Opposition legislator Julian Fraser wants business owners who were impacted by the post-Hurricane Irma looting two years ago to file a claim for compensation against the Government of the Virgin Islands.
Fraser who was speaking at the last sitting of the House of Assembly said he casts the blame ‘squarely’ on the previous NDP government as well as Governor Augustus Jaspert.
He said: “Had the government and the governor been forward-thinking, they would have imposed a state of emergency before the hurricane hit and not after it passed and everybody had their properties looted. I am not making any bones about it. I believe it. The circumstances were created, the atmosphere was there, and things happened.”
A state of emergency is usually implemented when a country is faced with a national crisis. The state of emergency suspends regular constitutional procedures in any country so its government can maintain or regain control.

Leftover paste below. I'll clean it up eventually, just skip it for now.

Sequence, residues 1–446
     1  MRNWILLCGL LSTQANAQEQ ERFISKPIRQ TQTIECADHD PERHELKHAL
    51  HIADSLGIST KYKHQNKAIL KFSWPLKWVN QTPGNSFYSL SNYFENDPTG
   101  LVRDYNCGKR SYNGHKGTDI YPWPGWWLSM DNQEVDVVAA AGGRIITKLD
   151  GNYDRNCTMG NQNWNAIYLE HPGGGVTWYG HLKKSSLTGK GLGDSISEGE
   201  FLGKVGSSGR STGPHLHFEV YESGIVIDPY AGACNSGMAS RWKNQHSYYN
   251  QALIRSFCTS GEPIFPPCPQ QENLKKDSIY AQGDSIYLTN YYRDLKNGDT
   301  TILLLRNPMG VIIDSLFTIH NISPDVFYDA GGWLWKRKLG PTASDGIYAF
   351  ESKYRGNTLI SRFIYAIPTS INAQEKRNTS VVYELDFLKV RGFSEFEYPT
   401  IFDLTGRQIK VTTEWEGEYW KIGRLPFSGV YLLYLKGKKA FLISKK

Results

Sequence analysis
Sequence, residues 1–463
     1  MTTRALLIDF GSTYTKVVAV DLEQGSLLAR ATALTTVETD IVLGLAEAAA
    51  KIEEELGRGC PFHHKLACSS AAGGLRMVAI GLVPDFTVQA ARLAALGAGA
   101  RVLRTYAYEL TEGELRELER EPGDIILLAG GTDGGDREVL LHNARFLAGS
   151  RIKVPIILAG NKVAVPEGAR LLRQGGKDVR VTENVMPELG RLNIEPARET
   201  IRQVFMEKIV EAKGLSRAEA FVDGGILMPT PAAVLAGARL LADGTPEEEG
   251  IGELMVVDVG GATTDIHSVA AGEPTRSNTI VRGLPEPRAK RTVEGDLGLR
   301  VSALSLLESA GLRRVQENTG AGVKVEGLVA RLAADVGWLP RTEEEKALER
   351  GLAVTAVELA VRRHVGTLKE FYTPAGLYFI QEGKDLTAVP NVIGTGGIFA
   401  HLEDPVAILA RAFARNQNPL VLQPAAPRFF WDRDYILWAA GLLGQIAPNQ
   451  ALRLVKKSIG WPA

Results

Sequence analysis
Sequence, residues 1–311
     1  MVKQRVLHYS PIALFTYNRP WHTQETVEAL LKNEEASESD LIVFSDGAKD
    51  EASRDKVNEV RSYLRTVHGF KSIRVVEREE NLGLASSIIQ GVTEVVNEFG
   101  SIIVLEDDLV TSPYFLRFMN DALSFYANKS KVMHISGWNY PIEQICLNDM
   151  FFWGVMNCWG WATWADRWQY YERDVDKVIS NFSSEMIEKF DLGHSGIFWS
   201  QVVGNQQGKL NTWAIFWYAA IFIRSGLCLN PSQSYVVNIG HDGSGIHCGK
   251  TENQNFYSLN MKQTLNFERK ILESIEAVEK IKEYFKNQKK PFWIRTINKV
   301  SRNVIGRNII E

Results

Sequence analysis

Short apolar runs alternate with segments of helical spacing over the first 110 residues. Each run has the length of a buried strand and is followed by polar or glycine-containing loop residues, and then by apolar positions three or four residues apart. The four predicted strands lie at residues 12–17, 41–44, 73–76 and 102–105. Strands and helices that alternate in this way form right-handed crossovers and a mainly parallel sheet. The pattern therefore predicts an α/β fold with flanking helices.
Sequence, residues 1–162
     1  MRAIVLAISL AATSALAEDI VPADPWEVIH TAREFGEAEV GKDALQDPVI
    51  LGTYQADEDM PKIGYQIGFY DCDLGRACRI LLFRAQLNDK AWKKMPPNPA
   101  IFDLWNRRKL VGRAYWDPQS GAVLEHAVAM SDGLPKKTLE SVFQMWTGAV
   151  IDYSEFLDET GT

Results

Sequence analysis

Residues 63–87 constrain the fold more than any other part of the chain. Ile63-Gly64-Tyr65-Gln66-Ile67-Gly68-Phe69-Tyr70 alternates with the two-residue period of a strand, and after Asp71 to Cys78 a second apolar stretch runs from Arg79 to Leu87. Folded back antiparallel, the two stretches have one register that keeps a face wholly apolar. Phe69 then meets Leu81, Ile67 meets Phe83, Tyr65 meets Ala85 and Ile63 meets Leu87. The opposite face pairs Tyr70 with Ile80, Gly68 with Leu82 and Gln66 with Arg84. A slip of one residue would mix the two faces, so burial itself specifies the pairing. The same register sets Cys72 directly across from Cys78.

Against that backdrop, Fraser said a person must accept whatever penalty they get if caught doing wrong during ‘state of emergency’
The senior legislator continued: “I say those businesses who knew that their businesses were fully intact after the passage of the hurricane but moments later was ransacked should file a claim with the government for compensation.”
No point in declaring a state of emergency
Addressing the issue two years ago, former Premier Dr D Orlando Smith said there was ‘no point’ in implementing a state of emergency before Hurricane Irma slammed into the British Virgin Islands.
“There was no benefit to declaring a state of emergency before the hurricane because in and of itself, it does nothing,” the Premier reasoned.
He made the statement while answering questions from the representative of the Third Electoral District, Julian Fraser, who did not share his view.
Fraser said the BVI should have followed the neighbouring United States Virgin Islands (USVI) who had issued a state of emergency before the arrival of the category-five hurricane.
However, Dr Smith was not convinced. He argued that unlike the BVI, the USVI could afford to implement a state of emergency before the disaster because they qualified for aid from disaster response agencies such as the Federal Emergency Management Agency (FEMA).
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